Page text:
Ly Nya Tcha meets me at the train station in Louvres, a town located about 20 miles north of Paris. With his lightly accented French, plain clothes, and jovial manner, Ly resembles the thousands of commuters who enter Paris each day on the RER. However, one thing does set Ly apart: he is a Hmong shaman, enlisted to do battle with demons and save wandering souls.
There are 15,000 Hmong currently living in France. Hailing from the mountains of southern China, Thailand, Laos, and Vietnam, France’s Hmong population grew steadily after the fall of South Vietnam in 1975. Since their arrival in France, the Hmong have struggled to preserve their shamanist beliefs and traditions in the face of assimilation, religious conversion, and the incomprehension of their French neighbors.
For centuries, the Hmong were nomadic subsistence farmers in Southeast Asia, living on the fringes of government control; renowned for their skill as hunters and warriors, the Hmong survived the expansion and collapse of multiple empires. In Hmong society, kinship ties could be as or more important than loyalty to a particular government.
Central to Hmong life were shamanist practices and beliefs, which held that spirits from beyond our world could –for good or ill- determine the course of human affairs. Shamans worked to restore the balance between these worlds.
When the Hmong exodus began, families were scattered across France, Canada, Australia, French Guyana, and West Germany. In France, the Hmong were forced to adapt to an urban way of life in which their cultural practices and religious beliefs could appear antiquated and retrograde. Adding to the stress of adapting to a new country, finding work initially proved quite difficult for the Hmong, many of whom did not speak French.
Surprisingly, given France’s history of xenophobic sentiment towards immigrants from North and sub-Saharan Africa, the Hmong face little overt racism. Often confused with Chinese immigrants, some Hmong report being the targets of racial slurs normally reserved for French people of Chinese origin. Outside of these instances of verbal abuse, most of the exclusion the Hmong face is of a structural nature. Living in immigrant neighborhoods on the peripheries of large cities, the Hmong contend with the same alienation from the wealthy, predominantly white city centers experienced by their Arab and African neighbors; unemployment continues to be a problem, even as more French Hmong go on to attend university.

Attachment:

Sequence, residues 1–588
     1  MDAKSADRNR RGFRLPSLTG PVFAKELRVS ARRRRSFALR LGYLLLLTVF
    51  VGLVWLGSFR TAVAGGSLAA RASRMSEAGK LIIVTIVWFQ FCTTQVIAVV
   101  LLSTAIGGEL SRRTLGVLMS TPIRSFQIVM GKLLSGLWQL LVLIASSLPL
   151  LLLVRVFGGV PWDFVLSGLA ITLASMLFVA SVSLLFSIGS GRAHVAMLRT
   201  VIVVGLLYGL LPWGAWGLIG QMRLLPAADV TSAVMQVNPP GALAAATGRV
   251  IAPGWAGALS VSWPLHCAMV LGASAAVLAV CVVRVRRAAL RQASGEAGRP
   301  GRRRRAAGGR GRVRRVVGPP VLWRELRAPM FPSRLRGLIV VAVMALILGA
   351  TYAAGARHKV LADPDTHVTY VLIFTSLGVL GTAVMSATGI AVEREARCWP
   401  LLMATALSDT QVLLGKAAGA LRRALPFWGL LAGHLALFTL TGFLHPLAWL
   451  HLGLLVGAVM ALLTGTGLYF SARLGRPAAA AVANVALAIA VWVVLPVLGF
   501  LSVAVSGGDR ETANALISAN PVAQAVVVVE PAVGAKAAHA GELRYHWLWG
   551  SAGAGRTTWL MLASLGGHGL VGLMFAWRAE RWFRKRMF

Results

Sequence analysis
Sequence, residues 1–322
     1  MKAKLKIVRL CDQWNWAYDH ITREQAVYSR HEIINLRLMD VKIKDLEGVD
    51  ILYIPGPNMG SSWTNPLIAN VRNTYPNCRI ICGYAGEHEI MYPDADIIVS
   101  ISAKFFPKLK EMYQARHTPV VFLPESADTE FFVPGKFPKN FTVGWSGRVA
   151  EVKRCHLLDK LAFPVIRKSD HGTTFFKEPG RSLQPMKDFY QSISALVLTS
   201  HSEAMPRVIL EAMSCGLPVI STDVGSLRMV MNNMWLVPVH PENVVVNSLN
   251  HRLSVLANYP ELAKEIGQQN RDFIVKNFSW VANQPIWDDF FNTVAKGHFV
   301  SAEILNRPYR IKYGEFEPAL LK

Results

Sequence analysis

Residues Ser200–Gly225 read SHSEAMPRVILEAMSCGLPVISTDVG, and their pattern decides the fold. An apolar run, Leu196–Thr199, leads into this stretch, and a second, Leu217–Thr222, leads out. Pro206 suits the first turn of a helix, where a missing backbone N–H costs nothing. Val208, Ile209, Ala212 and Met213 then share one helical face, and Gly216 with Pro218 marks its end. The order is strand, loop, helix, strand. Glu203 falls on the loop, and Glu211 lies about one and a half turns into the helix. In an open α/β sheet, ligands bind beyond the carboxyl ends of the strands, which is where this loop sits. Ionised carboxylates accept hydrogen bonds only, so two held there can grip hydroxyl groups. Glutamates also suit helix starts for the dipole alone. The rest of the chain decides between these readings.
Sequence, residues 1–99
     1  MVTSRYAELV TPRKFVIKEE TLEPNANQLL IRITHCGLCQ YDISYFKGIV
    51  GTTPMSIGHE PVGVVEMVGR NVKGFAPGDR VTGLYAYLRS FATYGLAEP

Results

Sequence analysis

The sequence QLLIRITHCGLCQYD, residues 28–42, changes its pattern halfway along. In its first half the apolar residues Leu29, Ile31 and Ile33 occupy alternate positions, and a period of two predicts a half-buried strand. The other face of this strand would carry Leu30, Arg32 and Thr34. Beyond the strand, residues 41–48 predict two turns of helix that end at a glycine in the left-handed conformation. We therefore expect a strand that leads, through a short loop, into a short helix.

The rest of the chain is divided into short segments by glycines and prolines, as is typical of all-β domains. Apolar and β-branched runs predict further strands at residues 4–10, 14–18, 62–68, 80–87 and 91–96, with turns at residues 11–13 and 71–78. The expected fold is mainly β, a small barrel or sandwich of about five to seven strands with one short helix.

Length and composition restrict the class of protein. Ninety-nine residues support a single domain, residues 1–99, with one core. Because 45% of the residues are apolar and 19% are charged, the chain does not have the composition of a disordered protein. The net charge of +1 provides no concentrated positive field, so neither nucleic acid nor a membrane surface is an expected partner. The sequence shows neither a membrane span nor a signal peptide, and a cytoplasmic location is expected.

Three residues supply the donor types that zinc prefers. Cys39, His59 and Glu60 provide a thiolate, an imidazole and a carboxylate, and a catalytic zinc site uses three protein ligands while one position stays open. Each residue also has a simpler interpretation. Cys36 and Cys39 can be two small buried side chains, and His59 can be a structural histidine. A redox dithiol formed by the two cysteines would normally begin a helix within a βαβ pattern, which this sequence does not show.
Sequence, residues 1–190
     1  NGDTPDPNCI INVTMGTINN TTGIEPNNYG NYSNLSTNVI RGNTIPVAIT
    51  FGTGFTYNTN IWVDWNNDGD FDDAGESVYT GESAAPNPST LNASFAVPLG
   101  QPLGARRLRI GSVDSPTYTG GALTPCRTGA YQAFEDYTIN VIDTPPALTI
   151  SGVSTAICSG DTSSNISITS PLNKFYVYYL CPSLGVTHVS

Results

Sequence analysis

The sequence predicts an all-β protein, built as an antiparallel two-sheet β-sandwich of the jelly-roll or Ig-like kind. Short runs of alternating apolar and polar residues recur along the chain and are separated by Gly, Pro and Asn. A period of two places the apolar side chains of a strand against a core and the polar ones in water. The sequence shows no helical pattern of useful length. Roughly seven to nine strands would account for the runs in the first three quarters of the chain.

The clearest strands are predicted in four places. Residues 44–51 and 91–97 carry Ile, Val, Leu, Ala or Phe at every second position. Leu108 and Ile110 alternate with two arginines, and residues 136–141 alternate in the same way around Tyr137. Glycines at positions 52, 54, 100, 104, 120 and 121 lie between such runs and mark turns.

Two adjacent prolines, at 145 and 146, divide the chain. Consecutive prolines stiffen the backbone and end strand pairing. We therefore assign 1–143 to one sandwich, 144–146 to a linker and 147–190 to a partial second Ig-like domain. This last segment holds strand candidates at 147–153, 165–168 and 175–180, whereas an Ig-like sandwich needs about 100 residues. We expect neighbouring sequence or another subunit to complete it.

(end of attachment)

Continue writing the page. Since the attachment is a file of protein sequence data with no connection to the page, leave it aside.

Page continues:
In the Hmong community residing on the outskirts of Paris, Ly stands as a model of both successful assimilation and loyalty to Hmong traditions. Born in 1974, in Laos’s Xienghkhouang province, Ly spent his early years pursued by war and famine, until his family moved to the Ban Vinai refugee camp in Thailand in 1981. After a year in Ban Vinai, Ly’s family moved to France.
By 1995, Ly was living outside of Paris with a family of his own. He weighed a healthy 175 pounds and describes his general disposition then as “insouciant.” “I took life as it came,” he says with a smile. His life changed dramatically when he woke up from a nightmare one morning with a high fever and an aching body. Six months later, Ly says he weighed only 70 pounds. His sleep was plagued by horrific nightmares and he suffered recurring attacks that left him unable to control his limbs. “I was just a sack of bones,” he says. “I couldn’t stand; I was too weak to eat.” Ly’s life quickly degenerated into interminable cycle of hospital visits and medical examinations.
Before earning their status as healers, shamans often recount battling serious illness, bipolar disorder, or early symptoms of schizophrenia. Described as “spiritual emergencies,” these signs of spiritual distress are described by believers as the “birth pangs of a healer.” Trained as intermediaries between the human world and the world of the spirits, shamans intervene to heal the sick by “traveling” into the spirit world to rescue the souls of those who have succumbed to sickness or mental illness.
Desperate to escape his condition, Ly begged his father for help. As a shaman, Ly’s father could perform a healing ceremony. Ly’s illness did not improve after the ceremony, but his father did make a startling discovery: Ly’s ailments and nightmares were indications of dormant spiritual gifts. “He thought I was ready to become a shaman,” says Ly.
Shamanism had once been integral to their family traditions
I owe my introduction to Ly to Baptiste Cha, who also accompanied me to Louvres. Cha and I met when were both students at The Paris Institute of Political Studies (Sciences Po). As the only French Hmong currently enrolled at Sciences Po—and very possibly the first—Cha is on a personal and academic quest to gain a better understanding of his community’s history and traditions: otherwise, he tells me, they could entirely disappear within a few generations.
Cha, who was raised Catholic in Lieusaint, a small town 20 miles south of Paris, grew up speaking Hmong. However, like his older brother before him, Cha gradually stopped speaking his parents’ mother tongue as he got older. “It’s pretty standard in Hmong households like mine for the parents to speak to their kids in Hmong and have their kids answer in French,” says Cha.